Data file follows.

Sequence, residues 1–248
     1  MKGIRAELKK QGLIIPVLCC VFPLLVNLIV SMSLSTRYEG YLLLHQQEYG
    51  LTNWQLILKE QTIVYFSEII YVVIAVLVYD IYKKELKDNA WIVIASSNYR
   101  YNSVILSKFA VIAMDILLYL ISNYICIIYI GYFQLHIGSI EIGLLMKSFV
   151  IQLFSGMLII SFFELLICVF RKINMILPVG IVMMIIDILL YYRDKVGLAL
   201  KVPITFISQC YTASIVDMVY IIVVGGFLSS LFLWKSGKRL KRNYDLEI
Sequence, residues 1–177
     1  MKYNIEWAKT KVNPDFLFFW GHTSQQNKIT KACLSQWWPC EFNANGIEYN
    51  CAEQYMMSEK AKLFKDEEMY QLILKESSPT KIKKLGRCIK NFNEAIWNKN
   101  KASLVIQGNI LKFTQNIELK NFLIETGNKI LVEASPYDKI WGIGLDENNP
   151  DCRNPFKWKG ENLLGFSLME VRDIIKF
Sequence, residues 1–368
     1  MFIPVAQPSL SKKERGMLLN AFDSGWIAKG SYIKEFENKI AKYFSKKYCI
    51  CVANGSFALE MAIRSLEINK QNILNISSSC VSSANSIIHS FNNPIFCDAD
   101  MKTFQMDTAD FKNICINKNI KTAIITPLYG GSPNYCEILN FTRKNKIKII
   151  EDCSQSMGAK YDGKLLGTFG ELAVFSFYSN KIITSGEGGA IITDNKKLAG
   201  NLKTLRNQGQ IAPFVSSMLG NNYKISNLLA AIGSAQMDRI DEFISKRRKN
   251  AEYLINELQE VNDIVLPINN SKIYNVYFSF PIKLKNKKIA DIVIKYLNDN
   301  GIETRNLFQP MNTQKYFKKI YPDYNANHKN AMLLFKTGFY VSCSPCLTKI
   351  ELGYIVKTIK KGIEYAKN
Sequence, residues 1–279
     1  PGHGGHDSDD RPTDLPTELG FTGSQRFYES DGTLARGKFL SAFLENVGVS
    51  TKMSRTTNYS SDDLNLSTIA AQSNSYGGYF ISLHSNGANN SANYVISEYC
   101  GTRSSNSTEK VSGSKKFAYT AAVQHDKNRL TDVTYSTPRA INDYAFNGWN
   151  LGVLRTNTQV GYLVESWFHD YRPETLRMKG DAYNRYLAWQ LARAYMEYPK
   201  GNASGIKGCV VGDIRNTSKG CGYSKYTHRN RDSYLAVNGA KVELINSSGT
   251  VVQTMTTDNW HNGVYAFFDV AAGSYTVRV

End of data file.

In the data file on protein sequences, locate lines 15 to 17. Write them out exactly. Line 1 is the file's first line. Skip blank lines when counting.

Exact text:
   101  MKTFQMDTAD FKNICINKNI KTAIITPLYG GSPNYCEILN FTRKNKIKII
   151  EDCSQSMGAK YDGKLLGTFG ELAVFSFYSN KIITSGEGGA IITDNKKLAG
   201  NLKTLRNQGQ IAPFVSSMLG NNYKISNLLA AIGSAQMDRI DEFISKRRKN